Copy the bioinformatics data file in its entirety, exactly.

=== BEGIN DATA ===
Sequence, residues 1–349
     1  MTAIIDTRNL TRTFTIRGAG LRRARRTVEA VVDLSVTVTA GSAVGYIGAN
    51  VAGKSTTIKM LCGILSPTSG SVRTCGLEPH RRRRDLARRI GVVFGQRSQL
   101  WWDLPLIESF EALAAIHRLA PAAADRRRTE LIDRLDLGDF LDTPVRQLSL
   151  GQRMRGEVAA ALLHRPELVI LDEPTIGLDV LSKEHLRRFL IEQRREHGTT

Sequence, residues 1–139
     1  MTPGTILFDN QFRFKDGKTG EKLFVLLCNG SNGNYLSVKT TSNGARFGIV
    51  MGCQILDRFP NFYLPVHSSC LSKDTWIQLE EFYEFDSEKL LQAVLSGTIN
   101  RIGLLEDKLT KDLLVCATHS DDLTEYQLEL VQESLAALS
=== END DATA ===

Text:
Sequence, residues 1–349
     1  MTAIIDTRNL TRTFTIRGAG LRRARRTVEA VVDLSVTVTA GSAVGYIGAN
    51  VAGKSTTIKM LCGILSPTSG SVRTCGLEPH RRRRDLARRI GVVFGQRSQL
   101  WWDLPLIESF EALAAIHRLA PAAADRRRTE LIDRLDLGDF LDTPVRQLSL
   151  GQRMRGEVAA ALLHRPELVI LDEPTIGLDV LSKEHLRRFL IEQRREHGTT

Sequence, residues 1–139
     1  MTPGTILFDN QFRFKDGKTG EKLFVLLCNG SNGNYLSVKT TSNGARFGIV
    51  MGCQILDRFP NFYLPVHSSC LSKDTWIQLE EFYEFDSEKL LQAVLSGTIN
   101  RIGLLEDKLT KDLLVCATHS DDLTEYQLEL VQESLAALS